First, we screened combinations of existing chemotherapeutic agents to find those that synergistically inhibited HNSCC cell growth. Among them, we focused on SN-38, which is the active metabolite produced from irinotecan hydrochloride - a type I DNA topoisomerase inhibitor -after it is metabolized by carboxylesterase in the liver (20) and gefitinib, which is a specific EGFR tyrosine kinase inhibitor (21). The half-maximal inhibitory concentration (IC50) of SN-38 and gefitinib in the HNSCC cell line HSC-2 were 6.2±0.9 nM and 38.5±18.8 µM, respectively (Table I). We next investigated the cell growth inhibition achieved by combinations at different concentrations: one quarter, one half, IC50, and 2- and 4-fold of the IC50. Combinatorial treatment at each concentration significantly inhibited cell proliferation (Fig. 1A). Furthermore, we investigated whether the combined treatment showed additive or synergistic effects by determining the CI. A CI value <1 indicates a synergistic effect, and CI values of 1 indicate an additive effect. All combined SN-38 and gefitinib treatments (different doses) showed CI values <1, revealing that the inhibitory effects on HNSCC cell proliferation were synergistic for this combination (Fig. 1B and C, and Table II). We also analyzed cleaved PARP levels, a marker of apoptosis, and the data suggested that the combination treatment enhanced HNSCC cell apoptosis (Fig. 1D). These data suggested that the combined SN-38 and gefitinib treatment synergistically inhibited HNSCC cell growth and induced apoptosis.

Table I.

The half-maximal inhibitory concentration (IC50) of SN-38 and gefitinib for HSC-2 and HaCaT cells.

Table I.

The half-maximal inhibitory concentration (IC50) of SN-38 and gefitinib for HSC-2 and HaCaT cells.

The half-maximal inhibitory concentration (IC50)HSC-2 (head and neck squamous cell carcinoma cell line)HaCaT (human skin keratinocyte cell line)
SN-38 (nM)6.2±0.932.5±8.6
Gefitinib (µM)38.5±18.80.63±0.01

Table II.

The CI index of SN-38 and gefitinib for HSC-2 cells using the Chou and Talalay method. CI values for actual experimental points.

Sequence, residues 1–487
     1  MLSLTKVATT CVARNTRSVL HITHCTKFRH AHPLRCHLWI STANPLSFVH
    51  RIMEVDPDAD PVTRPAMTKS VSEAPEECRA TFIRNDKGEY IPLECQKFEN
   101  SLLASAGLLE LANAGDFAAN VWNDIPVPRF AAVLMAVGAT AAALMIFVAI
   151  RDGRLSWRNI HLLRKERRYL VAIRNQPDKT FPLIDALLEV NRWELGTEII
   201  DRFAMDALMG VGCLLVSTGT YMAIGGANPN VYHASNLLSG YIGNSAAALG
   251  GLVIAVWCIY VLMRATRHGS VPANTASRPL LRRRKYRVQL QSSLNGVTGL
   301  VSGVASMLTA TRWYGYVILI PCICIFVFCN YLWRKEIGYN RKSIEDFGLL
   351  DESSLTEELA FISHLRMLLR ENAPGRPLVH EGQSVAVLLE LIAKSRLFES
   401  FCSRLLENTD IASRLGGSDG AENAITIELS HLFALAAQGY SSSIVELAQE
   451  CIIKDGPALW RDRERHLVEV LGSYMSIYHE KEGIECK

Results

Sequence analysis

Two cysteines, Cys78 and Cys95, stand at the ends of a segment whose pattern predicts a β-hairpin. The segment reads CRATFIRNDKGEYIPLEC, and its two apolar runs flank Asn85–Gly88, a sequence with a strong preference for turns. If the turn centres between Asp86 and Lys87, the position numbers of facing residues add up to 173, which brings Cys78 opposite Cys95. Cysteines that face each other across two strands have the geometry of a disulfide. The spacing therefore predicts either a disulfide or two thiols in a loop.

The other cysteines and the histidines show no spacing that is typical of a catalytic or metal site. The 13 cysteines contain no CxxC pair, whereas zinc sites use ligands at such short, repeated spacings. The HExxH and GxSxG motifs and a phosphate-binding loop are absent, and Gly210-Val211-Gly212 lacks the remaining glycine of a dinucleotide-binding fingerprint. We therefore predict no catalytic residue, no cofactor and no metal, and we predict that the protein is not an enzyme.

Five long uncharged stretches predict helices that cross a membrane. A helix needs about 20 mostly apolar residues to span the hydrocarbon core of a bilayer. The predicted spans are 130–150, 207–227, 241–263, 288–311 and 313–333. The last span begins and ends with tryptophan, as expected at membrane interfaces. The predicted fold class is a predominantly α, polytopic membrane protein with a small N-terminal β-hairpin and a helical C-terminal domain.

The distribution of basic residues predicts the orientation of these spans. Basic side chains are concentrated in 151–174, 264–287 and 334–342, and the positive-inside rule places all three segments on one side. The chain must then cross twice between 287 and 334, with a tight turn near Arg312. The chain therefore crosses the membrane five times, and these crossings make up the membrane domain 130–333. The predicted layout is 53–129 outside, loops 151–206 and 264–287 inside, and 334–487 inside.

Table II.

The CI index of SN-38 and gefitinib for HSC-2 cells using the Chou and Talalay method. CI values for actual experimental points.

Total dose (µM)FaCI value
10.01490.5060.35601
20.02980.4630.53007
40.05960.3580.52431
80.11920.2640.54891
160.2380.1950.65120

[i] Total dose, the total amount when combining SN-38 and gefitinib from 1/4 of the IC50, 1/2 of the IC50, the IC50, 2 times the IC50 and 4 times the IC50 values; Fa, the fraction affected in the Chou and Talalay method. CI, combination index.

CD44 is expressed in regrowth tumor tissue

Our in vitro data suggested that the combined SN-38 and gefitinib treatment could be effective against HNSCC. Therefore, we attempted to verify these findings in vivo using a xenograft mouse model. Contrary to our expectation, there was no significant difference between gefitinib single treatment and combined gefitinib and SN-38 treatment in this model (Fig. 2A). However, tumors in 3 of 5 mice from the gefitinib single administration group showed renewed growth 6 weeks (42 days) after terminating treatment (Fig. 2A). In contrast, post-treatment tumor growth was not observed by the end of observation in the combined treatment group. We next investigated EGFR and CD44 expression in tumors that were removed 42 days after treatment termination by immunohistochemistry. These results demonstrated that EGFR (Fig. 2B) and CD44 (Fig. 2C) were more highly expressed in the tumor tissues from the gefitinib-only treated mice compared with the combined treatment mice. In the tumor tissues from the gefitinib-only treated mice, both EGFR and CD44 were clearly expressed along the cell membrane (Fig. 2B and C).